Faculty: Shimon C. Anisfeld*, Bradford S. Gentry, Peter A. Raymond, Julie Zimmerman
Subject of Instruction: Water Resources.
Not Currently Offered
While there are many different approaches to understanding and managing environmental problems, most involve several major steps: (1) describing/understanding the nature of the problem and its causes; (2) using technical, policy, social, and other management tools/processes to help address it; while (3) recognizing/making the value judgments embedded in each (what problems/data are “important”? what solutions are “best”?). The purpose of this introductory course is to illustrate how an M.E.M. student might integrate scientific understanding with management choices as part of an effort to address any particular environmental issue. Ideally, it should help students choose areas of specialization, as well as improve their ability to engage in integrative problem solving—both in their final term and after they graduate. The class is focused on water issues, but the integrative structure of the class could be used on other problems as well. The class is built around a case-study approach, in which the faculty bring their different perspectives to bear on understanding and addressing the issues raised in a diverse set of cases, including: the “dead zone” in the Gulf of Mexico; the New York City drinking water supply; Australia’s response to water scarcity; the Cochabamba “water wars”; and one other case for the final. Preference given to first-year M.E.M. students. Three hours lecture, one hour discussion each week.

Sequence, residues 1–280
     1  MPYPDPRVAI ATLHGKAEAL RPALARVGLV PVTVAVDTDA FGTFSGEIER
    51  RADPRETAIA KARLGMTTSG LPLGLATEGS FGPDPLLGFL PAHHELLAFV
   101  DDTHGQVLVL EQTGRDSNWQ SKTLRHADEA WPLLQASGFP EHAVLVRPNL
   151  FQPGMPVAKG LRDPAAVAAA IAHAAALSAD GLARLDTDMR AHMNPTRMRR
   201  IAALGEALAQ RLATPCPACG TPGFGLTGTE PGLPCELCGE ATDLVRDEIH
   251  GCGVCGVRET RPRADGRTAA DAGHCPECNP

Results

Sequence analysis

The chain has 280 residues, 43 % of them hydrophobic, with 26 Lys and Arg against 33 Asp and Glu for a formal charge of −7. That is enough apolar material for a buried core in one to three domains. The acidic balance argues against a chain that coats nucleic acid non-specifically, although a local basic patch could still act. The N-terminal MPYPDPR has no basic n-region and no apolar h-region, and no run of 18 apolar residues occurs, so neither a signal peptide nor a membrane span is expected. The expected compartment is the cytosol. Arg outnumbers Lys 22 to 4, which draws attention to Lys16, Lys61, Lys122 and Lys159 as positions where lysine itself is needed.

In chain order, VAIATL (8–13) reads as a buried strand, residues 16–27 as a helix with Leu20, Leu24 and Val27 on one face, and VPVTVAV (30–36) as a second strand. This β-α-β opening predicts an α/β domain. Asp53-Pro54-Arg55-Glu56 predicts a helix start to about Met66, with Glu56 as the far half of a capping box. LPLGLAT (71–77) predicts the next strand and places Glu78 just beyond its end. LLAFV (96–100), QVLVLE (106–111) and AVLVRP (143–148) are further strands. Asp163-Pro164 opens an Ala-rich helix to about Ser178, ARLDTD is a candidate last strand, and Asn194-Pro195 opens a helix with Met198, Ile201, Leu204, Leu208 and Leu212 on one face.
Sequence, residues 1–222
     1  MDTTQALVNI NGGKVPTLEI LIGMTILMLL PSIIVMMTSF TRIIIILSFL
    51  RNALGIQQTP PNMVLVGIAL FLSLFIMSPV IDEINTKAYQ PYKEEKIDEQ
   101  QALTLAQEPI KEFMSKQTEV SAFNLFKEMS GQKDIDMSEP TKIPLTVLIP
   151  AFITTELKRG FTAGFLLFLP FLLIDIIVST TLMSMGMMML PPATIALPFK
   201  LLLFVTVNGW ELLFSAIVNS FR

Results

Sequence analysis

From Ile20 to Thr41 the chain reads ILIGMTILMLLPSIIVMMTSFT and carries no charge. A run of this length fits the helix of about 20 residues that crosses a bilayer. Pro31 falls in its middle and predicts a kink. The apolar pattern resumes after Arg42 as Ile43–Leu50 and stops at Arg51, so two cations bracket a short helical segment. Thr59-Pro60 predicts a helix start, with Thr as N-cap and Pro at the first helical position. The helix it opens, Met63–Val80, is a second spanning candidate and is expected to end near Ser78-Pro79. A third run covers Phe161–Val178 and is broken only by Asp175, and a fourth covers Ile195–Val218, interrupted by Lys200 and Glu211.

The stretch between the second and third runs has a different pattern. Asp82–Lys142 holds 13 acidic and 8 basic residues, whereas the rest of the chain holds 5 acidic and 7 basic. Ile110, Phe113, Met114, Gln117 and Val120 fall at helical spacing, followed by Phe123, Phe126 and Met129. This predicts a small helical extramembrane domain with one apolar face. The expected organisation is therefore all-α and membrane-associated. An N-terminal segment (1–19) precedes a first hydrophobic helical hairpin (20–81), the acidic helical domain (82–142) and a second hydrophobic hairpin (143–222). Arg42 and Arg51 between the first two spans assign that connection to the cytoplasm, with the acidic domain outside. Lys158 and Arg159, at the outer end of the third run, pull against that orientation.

F&ES 610 is a prerequisite for:
Preference given to first year MEM students.